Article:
I'll be home for Christmas (sort of)

In less than a week, we'll pack up and head back to Cincinnati for a brief time.

We've made plans with our families, and a few of our close friends.  The schedule will be busy, but we are looking forward to reconnecting to the place we have called home for most of our lives.

In the first few weeks after we moved to Nicaragua, I reprimanded myself for referring to Ohio as home.  In some ways I felt that it represented a disloyalty to where I now live.  Somehow that phrase made the move feel more like a trip, and less like a long term decision.  And yet, the people who have loved us most are there, counting down the days until they can welcome us with open arms.

But we live here now in a place where seasons change discreetly.  If I didn't have a calendar I might never know the page has turned to December.  The temperatures are still hitting ninety, but the last few days have relieved us with the kindest kind of breeze.  I smile at the poinsettias blooming near the walkway outside, Nicaragua's gentle nod to my remembrance of Christmas.  I'm becoming attached to the life we are building here, and even in the current difficulties of learning a new culture, I can feel the roots reaching down and grabbing hold of this new land.

Slowly, we have been turning a house we rent into a place that feels like ours, a place that feels as if we belong.  It is becoming a blend of Nicaragua and North America.  I suppose in some ways, I am too.  It's hard to start over after uprooting.  It's hard to feel that lack of fitting in.  Weeks pass and I look back only to notice that those acute feelings from before have softened their edges the slightest bit.

The rhythm of life has changed.  We no longer have a calendar full of shopping and wrapping and parties and plays and places to go with people to see.  The change is new and it's nice and it's different, but still there remains that ache for something familiar.

In a few days we will find ourselves in the flurry.  I mean that quite literally, as the forecast is teasing us with snow.  We will be seeing familiar faces and be in familiar places with all of the glowing lights and traditions that have always been celebrated.  I won't have to pay an exorbitant amount of money for apples or chocolate, and I can enjoy a full sized red and white candy cane.  I blush at my fantasizing of wearing my favorite sweatshirt, and once again enjoying the idea of being cozy by the fireplace.  My friends will laugh at my corny jokes (probably), and there won't be a second thought of whether or not I'm accepted just the way I am.  I pause to think of my reaction to this reacquainted belonging.  Will I like it too much?  Will it make another goodbye that much harder to face?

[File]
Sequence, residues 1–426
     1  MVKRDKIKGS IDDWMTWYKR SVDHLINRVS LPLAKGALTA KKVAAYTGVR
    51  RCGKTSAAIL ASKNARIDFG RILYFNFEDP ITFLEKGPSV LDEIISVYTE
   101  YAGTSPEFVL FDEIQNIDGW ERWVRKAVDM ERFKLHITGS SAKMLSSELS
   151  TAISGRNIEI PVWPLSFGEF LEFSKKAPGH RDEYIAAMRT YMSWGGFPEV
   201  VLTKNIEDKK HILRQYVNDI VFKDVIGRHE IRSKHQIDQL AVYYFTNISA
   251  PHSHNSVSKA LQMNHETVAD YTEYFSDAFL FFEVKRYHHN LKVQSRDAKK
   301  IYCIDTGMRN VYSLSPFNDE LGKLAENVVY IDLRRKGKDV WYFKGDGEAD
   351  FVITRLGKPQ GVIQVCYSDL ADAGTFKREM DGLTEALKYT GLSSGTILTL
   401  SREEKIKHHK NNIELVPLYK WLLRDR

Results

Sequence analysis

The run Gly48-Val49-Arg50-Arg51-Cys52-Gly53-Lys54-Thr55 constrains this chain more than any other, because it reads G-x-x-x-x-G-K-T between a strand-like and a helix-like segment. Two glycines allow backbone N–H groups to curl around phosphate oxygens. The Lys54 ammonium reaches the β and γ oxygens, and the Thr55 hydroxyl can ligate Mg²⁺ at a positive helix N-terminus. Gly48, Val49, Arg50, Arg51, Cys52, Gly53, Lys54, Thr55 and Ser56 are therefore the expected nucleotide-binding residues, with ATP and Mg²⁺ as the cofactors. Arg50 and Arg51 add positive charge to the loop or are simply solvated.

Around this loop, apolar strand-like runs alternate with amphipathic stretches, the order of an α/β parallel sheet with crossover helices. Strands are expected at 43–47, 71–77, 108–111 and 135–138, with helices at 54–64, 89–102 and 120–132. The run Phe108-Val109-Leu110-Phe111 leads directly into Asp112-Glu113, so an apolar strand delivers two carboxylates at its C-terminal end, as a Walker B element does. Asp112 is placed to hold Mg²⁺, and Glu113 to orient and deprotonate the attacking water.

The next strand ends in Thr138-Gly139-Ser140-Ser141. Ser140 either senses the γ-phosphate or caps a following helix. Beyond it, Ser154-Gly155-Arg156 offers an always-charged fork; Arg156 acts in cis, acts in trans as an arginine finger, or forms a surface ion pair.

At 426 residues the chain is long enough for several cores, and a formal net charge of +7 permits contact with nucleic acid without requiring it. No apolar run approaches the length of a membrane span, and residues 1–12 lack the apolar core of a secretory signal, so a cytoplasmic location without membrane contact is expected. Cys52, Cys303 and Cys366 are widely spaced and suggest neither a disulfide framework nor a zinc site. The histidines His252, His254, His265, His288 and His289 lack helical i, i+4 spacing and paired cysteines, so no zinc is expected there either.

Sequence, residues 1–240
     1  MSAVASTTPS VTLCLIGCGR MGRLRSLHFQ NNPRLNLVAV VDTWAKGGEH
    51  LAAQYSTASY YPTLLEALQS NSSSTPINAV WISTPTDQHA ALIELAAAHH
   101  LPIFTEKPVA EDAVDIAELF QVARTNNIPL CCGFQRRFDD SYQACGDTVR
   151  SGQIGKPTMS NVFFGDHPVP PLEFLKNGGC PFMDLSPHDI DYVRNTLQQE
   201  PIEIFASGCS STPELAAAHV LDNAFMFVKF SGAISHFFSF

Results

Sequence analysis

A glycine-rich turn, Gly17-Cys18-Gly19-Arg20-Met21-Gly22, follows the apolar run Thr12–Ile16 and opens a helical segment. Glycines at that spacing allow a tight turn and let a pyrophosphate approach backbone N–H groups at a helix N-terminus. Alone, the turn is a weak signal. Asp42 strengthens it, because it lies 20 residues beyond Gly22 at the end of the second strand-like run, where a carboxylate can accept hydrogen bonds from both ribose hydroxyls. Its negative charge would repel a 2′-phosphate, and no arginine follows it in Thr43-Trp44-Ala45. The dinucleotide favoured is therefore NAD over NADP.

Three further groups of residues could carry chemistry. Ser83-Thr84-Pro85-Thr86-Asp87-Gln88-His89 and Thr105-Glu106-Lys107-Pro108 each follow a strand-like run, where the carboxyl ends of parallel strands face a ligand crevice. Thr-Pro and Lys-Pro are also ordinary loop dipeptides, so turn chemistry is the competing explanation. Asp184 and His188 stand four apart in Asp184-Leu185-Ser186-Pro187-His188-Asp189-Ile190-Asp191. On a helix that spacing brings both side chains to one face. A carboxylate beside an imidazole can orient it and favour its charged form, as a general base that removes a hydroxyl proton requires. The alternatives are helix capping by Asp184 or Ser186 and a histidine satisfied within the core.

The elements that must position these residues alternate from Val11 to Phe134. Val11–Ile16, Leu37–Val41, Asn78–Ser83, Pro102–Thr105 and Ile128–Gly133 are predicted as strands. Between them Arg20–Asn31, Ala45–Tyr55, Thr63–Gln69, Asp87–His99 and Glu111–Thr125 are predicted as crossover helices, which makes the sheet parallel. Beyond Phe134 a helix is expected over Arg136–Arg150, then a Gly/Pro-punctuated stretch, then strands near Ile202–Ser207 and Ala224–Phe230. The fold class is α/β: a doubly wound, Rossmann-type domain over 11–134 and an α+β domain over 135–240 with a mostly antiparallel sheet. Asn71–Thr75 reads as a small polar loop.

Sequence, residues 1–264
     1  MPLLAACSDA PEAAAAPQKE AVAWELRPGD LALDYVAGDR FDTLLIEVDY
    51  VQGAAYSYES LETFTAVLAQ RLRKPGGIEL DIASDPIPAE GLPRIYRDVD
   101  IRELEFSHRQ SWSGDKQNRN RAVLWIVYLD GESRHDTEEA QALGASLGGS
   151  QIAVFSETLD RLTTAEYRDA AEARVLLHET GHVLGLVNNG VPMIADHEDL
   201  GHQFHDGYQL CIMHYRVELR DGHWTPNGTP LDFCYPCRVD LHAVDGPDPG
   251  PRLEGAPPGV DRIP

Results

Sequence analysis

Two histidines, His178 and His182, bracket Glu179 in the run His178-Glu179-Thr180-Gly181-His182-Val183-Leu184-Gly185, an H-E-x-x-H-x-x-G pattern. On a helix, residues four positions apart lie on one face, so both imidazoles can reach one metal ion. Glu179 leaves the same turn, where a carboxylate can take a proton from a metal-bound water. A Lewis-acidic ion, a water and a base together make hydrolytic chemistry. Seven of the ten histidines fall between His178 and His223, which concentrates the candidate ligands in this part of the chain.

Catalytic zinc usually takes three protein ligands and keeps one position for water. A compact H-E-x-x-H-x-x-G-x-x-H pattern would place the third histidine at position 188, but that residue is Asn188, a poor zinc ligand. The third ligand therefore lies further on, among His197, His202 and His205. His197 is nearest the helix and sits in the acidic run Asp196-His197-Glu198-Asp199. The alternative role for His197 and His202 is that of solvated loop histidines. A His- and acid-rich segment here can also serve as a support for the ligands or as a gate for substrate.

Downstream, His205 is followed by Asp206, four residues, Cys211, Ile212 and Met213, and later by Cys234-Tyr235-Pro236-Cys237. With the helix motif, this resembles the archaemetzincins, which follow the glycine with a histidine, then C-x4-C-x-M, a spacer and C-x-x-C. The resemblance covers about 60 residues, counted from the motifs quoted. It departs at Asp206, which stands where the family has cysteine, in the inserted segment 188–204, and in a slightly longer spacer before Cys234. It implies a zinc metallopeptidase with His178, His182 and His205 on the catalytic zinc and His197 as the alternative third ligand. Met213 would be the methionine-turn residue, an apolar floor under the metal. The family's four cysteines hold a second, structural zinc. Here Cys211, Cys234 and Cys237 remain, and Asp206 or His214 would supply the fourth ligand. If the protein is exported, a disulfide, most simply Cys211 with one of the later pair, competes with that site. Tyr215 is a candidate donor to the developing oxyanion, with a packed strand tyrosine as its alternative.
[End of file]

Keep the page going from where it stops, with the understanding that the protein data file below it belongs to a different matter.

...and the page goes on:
Honestly, I'm afraid.

We are five months in, and already the idea of home has become complicated.  There are quotes that fill the pages of Pinterest with their beautiful pictures and wise words that give a moment of inspiration.  We hang them on our walls, declaring our belief, singing our anthems of truth.

"Home is where you hang your hat."
"Home is where the heart is."
"Home is not where you are from, but where you belong."
Home is. . . home is. . . home is. . .

I think most likely though, I will find that my home is neither here nor there.  The only place I can now imagine will end these questions of belonging is the final move to eternity.  Sometimes, when I am especially exhausted of the question of where I call home, my heart yearns to reach that destination.  

One of these days I will forever belong.  One of these days I will truly be home for Christmas.


  1. I relate so much to these thoughts, evidenced by the welled up tears in the corners of my eyes. "Home" has been something I have thought much about, something I used to not question at all, when I was a child. Now, well..."the only place I can now imagine will end these questions of belonging is the final move to eternity." There's a lot of truth there. Thanks for taking the time to share your thoughts. I was curious how you were feeling. Thank you for giving me a small window. Love you and am looking forward to seeing you.


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